Nominet today published its update on .UK domains suspended for criminal activity over the 12 months to October 2016. Nominet suspends domains following notification from the police or other law enforcement agencies that the domain is being used for criminal activity.
The criminality report shows that the number of .UK domains suspended between 1 November 2015 and 31 October 2016 has more than doubled year on year to 8,049, which represents around 0.08% of the more than 10 million .UK domains currently registered.
The main reason for this is probably because this is a fairly new change with .uk domains. The new .UK registration policy that allows Nominet, the .uk registry, to suspend any .uk domain name that carries out criminal activity came into effect on May 4, 2014. The police or other law enforcement agencies are just getting to know the new feature.
Russell Haworth, Nominet’s CEO says: “We want to make .UK a difficult space for criminals to operate in and the number of suspensions shows how the wider law enforcement community and the domain name industry are able to use an established process to take action, together.”
The number of suspensions is an increase on the 3,889 suspensions over the preceding 12 month period. Nominet received more requests from all reporting agencies including, for the first time, requests from the Financial Conduct Authority (FCA) and the Counter Terrorism Internet Referral Unit (CTIRU). The Police Intellectual Property Crime Unit (PIPCU) which processes and co-ordinates requests relating to IP infringements from nationwide sources is the main reporting agency with over 7,500 requests, followed by the National Fraud Intelligence Bureau (NFIB) and Trading Standards.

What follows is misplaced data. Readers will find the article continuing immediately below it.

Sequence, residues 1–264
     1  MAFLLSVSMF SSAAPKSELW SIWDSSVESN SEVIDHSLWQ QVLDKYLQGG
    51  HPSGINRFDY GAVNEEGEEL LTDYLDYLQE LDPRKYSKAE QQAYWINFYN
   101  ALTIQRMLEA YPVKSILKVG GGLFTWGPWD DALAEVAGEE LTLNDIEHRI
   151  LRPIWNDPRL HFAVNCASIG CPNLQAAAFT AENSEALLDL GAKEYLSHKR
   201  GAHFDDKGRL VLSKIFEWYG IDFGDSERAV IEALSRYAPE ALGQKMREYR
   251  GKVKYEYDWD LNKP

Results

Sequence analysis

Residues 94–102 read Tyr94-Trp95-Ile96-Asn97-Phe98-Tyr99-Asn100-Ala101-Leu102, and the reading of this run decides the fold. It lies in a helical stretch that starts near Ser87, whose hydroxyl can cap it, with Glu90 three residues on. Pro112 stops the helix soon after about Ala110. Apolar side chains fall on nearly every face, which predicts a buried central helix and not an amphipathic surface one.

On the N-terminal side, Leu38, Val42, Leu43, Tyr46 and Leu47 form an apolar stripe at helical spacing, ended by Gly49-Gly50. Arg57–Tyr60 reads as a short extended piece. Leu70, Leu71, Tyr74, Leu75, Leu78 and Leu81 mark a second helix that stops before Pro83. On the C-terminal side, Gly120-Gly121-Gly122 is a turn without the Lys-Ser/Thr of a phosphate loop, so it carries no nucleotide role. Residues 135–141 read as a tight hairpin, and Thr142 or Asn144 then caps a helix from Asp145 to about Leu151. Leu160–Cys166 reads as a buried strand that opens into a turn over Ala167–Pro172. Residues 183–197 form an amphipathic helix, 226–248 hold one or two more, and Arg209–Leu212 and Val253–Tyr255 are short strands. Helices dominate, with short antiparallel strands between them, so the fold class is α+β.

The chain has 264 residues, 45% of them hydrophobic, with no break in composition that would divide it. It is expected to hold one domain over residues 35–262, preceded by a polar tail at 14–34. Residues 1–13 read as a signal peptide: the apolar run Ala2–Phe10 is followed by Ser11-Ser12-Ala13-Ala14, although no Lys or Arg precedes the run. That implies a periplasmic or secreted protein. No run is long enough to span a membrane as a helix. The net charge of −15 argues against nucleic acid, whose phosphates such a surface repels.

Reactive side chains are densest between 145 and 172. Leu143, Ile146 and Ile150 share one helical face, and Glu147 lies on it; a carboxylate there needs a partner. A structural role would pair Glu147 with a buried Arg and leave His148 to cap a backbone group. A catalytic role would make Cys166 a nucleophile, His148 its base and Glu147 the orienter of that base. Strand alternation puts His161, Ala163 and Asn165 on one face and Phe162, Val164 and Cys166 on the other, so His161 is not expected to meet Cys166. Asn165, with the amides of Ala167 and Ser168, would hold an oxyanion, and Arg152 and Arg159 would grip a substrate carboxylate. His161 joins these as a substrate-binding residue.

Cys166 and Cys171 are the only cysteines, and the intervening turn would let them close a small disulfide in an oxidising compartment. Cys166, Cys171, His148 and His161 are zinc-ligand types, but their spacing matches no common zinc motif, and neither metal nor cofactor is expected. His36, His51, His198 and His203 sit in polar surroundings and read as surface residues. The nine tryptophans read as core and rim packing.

The number of requests that didn’t result in suspensions was less than one percent (77). Reasons for domains not resulting in suspension include the domain name already being suspended by the Registrar or being transferred to the IP rights holder as a result of a court order in the meantime.
Registrants have 30 days to appeal this assessment. The number of suspensions that were reversed was 13. A suspension is reversed if the offending behaviour has stopped and the enforcing agency has since confirmed that the suspension can be lifted.
Russell Haworth continues: “With the vigilance of law enforcement agencies we are able to respond swiftly to suspension requests. This period saw a change in legislation making some formerly legal highs illegal. This explains the number of suspensions that were reversed, due to websites not responding quickly enough to changes in the law and being reinstated once links to offending products had been removed.”
The report also provides an update on domains suspended and blocked under Nominet’s offensive names policy, introduced in May 2014. 2,407 domains were flagged for potential breach of the offensive names policy and one suspension was made.